In Adventures in Pluralism, Part 1, we found that issues of Jewish conversion and Jewish peoplehood in Israeli governmental context seemed to be immune to pluralism, because there are well-populated positions on the Jewish denominational spectrum from whose perspective the application of pluralist concepts to these issues would be impossible -- that is to say, to acquiesce to pluralism would constitute an abandonment of these positions on the spectrum.
Yet there are other pluralistic activities, taking place across Jewish denominational divides, which appear to be more successful. Many of these are educational institutions, from yeshivot like Jerusalem's Pardes, to community day schools like New York's Heschel school.
It is easy to see why education might be the ideal setting for pluralism. After all, education seeks knowledge, and knowledge can be separated from values and judgements. To know something is not to endorse something, and so people with divergent values can learn together, even if they disagree about what they are learning. Writing in the summer 2005 issue of Contact: the Journal of Jewish Life Network/Steinhardt Foundarion, Rabbi Arthur Green quotes Rabbi David Hartman on the potential for pluralist, trans-denominational Jewish learning: "As long as we are learning, we can all be together. As soon as we start davening, we go off into separate rooms." This quote comes from R' Green's article about the Rabbinical School of Hebrew College, "the first full-time, trans-denominational Rabbinical school in Jewish history", of which he is Rector. "Rabbis will be better trained for having sat in classes alongside others who disagree with them on almost every issue imaginable," writes R' Green. "How better to sharpen your understanding, to hone your own point of view, than by looking at the sources in a mixed group, where opinions and readings diverge across a wide spectrum?"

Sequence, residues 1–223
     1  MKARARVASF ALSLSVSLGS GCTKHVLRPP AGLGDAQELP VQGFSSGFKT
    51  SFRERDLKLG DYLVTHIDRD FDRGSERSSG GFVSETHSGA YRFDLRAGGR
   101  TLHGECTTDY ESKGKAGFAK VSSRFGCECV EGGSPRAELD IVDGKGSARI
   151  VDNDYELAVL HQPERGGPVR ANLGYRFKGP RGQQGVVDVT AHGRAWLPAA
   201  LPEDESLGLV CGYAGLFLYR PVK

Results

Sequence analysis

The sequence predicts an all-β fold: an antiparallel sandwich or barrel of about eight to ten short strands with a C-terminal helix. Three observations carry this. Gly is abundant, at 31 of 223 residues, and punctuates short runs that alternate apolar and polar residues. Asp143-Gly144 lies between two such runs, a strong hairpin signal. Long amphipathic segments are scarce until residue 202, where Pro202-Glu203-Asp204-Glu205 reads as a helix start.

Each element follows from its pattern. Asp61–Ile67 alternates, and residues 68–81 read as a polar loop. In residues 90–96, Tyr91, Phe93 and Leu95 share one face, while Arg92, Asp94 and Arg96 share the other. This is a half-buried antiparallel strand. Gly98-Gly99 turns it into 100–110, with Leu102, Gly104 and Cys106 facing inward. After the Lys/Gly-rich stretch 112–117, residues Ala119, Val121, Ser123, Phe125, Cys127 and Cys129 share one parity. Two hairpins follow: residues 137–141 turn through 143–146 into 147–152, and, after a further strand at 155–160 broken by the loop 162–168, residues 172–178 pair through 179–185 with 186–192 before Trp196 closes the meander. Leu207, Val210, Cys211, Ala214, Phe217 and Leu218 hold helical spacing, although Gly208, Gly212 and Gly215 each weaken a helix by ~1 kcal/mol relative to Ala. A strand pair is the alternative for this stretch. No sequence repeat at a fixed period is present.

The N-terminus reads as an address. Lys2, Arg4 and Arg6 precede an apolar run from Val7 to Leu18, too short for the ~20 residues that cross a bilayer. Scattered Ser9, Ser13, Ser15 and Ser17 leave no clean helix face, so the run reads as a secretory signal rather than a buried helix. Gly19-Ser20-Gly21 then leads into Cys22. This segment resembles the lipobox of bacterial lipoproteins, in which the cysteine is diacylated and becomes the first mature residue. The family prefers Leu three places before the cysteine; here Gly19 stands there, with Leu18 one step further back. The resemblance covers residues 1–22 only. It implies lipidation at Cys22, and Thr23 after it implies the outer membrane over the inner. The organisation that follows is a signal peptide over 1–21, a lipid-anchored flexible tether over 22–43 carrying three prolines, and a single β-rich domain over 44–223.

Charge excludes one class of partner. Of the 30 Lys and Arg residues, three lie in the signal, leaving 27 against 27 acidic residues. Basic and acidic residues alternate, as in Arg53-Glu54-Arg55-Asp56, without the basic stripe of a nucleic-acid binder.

The same issue of Contact contains an article by Dr. Bruce Powell, Head of School at the New Community Jewish High School in greater Los Angeles, on the success of the community day school model. "[C]ommunity schools are about ideas," writes Powell, "not ideology. They are about an honest and open dialogue on Jewish practice, philosophy and history... [W]hereas denominational schools might mandate a particular mode of prayer, a community school... might offer multiple minyan options where students can explore a plurality of spiritual modalities."
But is pluralism in education really so picture-perfect? How far apart can learning and values be pulled before one or the other is weakened? To their credit, both R' Green and Powell acknowledge that education, especially in a religious context, involves values as much as ideas. Both also describe approaches for meeting these challenges. R' Green writes:
Don't rabbis have to stand for something...? And doesn't that mean that my viewpoint is right and yours is wrong?... Yes, a program of rabbinic studies does have to stand for something, and we clearly do. Ahavat Torah, the love of wisdom and the pursuit of Jewish learning, is the hallmark of our program. We find that it brings us together, even as we argue over the meaning of a passage... [T]here are two more areas where denominational differences have little place. One is in the growth and development of spiritual life... The same is true for activism. There is little difference between Jews when it comes to what are called mitzvot beyn adam le-havero, the good deeds we do toward our fellow humans. We all believe in reaching out to the poor, the sick and the needy. We care about the elderly and the disabled, and want to help.... Learning, spiritual work and human kindness. (Might one call them Torah, Avodah and Gemilut Hasadim?) These are areas where our rabbinical students, for all their diverse viewpoints, can work together and build a single Jewish community.